Many sports fields and parks have not seen the same amount of usage this year because of health concerns. This situation, which can bring many challenges, also gives turf managers a unique opportunity to do more involved projects to promote the health and conditions of their turf. One of those maintenance practices is aeration.
Depending on the area of the country, generally the most popular time for aeration is the fall, although many field managers also aerate in the spring. With many fields vacant right now and with the definitive long-term benefits of aeration, this might be the perfect time to do it.
Ron Scheffler, senior product manager for Ryan, has some tips on how to make the most of the aeration process:
Check the soil
Aeration loosens compacted soil so that water, air and nutrients can get down to the roots. One way you can determine if your soil is compacted is to throw a screwdriver down into the ground from about waist-high, tip down. If the screwdriver sticks, the aeration process will take less effort. If the screwdriver bounces away, the soil is severely compacted and will need aggressive aeration.
Mark all obstacles
The type of tines and the depth of aeration depend on what you are trying to accomplish with your aeration. Regardless of your tine choice and depth, make sure to mark your irrigation heads, power, and any other lines running just beneath the surface so that you don’t cause any damage.
Find the right equipment
Aerators come in a vast array of options, from tow-behind to walk-behind to stand-on models. For smaller properties, a walk-behind aerator will likely give you the best results and easiest maneuvering. For large properties such as sports fields, tow-behind aerators are the most efficient. However, consider giving a stand-on aerator a try. They take less of a toll on your body, maneuver easily, provide precise and easily adjustable aeration while also covering more ground than a walk-behind – and also don’t require a tractor like a tow-behind aerator.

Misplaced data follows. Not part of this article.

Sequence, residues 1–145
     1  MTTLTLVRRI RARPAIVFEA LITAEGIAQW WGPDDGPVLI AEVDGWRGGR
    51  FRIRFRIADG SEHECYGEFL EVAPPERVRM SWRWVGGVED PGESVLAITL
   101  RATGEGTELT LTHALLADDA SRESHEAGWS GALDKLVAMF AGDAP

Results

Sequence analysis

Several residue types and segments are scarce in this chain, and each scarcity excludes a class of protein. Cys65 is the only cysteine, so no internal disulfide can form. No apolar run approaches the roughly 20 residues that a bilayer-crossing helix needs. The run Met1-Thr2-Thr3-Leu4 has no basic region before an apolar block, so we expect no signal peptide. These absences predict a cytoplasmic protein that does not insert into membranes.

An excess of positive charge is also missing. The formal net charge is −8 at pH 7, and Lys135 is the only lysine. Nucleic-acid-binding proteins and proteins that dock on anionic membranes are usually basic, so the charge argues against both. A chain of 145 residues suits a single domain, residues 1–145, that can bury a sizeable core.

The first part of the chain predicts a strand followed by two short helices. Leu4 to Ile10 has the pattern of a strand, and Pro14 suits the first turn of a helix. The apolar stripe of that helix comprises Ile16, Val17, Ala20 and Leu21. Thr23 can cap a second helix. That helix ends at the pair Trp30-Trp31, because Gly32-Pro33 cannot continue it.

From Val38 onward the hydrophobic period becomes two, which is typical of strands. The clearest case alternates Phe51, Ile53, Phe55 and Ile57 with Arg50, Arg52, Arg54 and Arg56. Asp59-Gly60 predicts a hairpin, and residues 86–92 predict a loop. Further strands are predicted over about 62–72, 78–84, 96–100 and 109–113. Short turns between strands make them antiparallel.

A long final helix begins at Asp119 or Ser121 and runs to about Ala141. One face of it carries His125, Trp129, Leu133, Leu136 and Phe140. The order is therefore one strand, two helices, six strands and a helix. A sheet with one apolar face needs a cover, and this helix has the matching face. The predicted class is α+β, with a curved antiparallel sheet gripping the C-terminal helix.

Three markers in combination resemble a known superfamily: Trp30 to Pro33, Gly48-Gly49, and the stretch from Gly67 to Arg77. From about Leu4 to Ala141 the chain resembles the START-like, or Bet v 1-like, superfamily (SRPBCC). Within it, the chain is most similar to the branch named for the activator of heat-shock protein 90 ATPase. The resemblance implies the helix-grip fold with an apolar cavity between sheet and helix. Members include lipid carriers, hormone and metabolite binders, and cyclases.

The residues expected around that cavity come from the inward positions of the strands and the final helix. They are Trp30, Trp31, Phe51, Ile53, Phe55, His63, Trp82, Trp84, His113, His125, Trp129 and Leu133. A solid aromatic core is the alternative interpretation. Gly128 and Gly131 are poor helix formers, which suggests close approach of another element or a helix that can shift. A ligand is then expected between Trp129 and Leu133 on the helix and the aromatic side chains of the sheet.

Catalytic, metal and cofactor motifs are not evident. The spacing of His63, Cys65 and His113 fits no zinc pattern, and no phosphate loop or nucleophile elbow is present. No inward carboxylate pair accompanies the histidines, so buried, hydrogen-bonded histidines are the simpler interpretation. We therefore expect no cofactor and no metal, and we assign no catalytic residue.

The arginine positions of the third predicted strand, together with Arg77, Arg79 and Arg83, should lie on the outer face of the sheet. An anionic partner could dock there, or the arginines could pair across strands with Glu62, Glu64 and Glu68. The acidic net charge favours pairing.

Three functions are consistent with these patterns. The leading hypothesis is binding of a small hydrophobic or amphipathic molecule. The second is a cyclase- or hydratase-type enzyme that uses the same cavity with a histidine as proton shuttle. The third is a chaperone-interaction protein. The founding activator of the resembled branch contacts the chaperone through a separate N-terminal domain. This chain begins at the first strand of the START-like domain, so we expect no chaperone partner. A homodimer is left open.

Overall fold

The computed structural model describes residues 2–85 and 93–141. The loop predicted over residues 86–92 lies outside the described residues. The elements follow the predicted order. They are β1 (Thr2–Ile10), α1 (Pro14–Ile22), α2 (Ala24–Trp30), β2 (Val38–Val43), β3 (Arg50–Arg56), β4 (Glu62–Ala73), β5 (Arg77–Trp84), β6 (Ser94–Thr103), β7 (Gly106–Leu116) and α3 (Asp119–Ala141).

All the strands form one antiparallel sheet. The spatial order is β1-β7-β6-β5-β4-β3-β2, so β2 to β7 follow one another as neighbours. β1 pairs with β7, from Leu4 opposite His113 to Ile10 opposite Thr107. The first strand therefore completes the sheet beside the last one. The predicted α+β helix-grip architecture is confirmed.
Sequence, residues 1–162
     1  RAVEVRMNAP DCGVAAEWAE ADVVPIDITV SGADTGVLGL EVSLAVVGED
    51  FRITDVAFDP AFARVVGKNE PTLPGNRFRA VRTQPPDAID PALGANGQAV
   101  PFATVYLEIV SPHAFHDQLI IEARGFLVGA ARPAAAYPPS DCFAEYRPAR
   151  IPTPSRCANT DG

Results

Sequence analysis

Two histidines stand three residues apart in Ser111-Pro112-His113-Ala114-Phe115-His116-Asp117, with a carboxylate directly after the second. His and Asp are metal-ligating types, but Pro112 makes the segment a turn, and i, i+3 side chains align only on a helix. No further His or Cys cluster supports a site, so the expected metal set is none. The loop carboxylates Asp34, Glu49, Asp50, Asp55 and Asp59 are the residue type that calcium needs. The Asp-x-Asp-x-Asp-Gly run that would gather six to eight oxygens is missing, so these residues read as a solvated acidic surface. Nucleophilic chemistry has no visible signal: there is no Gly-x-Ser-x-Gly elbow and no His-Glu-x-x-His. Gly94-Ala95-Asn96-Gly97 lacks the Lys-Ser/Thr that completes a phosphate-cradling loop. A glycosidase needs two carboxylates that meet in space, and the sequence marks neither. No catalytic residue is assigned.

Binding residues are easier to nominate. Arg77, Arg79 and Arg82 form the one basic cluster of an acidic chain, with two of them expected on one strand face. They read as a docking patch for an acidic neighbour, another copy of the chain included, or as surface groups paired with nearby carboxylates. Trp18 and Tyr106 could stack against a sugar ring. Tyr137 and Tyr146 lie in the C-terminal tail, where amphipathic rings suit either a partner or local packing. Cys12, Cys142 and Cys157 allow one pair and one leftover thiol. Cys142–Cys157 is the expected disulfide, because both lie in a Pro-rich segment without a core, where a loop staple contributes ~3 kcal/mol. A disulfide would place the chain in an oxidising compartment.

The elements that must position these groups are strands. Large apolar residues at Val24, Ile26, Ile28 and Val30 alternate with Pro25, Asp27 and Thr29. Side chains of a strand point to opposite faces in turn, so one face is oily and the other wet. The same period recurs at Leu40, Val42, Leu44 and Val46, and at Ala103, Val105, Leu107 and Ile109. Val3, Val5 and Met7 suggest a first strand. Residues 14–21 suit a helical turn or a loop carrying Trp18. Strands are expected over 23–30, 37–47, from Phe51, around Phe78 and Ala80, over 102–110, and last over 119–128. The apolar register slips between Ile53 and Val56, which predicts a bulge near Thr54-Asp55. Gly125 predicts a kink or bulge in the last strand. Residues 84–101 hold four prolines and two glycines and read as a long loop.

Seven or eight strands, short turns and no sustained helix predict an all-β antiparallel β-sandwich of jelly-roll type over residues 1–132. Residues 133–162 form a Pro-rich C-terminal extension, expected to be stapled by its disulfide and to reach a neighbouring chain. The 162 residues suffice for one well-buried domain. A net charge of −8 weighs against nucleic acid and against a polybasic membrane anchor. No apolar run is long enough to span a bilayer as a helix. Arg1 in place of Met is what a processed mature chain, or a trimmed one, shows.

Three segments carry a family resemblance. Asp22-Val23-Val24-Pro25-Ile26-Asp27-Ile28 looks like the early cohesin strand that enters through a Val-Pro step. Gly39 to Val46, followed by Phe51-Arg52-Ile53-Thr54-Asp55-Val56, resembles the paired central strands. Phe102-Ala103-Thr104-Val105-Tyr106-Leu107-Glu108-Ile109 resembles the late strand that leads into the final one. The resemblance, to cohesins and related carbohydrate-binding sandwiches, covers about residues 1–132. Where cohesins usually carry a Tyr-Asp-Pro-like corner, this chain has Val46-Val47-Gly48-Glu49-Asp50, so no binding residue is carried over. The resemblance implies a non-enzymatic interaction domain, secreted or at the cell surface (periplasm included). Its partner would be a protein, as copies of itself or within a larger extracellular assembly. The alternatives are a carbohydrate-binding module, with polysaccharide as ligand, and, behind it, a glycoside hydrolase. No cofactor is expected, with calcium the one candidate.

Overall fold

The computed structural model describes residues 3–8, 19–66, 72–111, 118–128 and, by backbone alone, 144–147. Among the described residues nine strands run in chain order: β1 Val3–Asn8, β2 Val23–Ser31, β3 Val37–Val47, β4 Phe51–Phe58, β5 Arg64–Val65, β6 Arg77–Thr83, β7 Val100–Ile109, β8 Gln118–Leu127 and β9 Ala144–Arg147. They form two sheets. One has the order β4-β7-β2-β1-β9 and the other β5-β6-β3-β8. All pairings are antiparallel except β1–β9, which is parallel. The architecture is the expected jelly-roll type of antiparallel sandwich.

Aerate before you fertilize
The order of your maintenance practices is also important for peak effectiveness. If you’re planning to aerate and put down fertilizer/herbicide, make sure to aerate first. Aerating after an herbicide application can reduce the chemical barrier formed by the herbicide, giving weeds the opportunity to germinate. Applying fertilizer after aeration helps the turfgrass compete against weeds. Water after aeration, too, particularly in areas where drought and high temperatures are common. Finally, if you are planning any overseeding or inter-seeding, following aeration is a great time to put seed down as it will get better soil to seed contact.
Rake away the cores
Criticism of aeration often comes as a response to the presence of the “cores” of turf that the aeration tines pull out of the ground. In sports fields or on golf courses, those cores can sometimes impede play. Use a power rake to break up the cores to improve the look of your field right after aeration.
We all have to adapt our processes these days. If your sports field or park isn’t seeing much foot traffic lately, it might be a perfect time to aerate and get ready for a beautiful fall.
These materials were provided by Ryan Turf.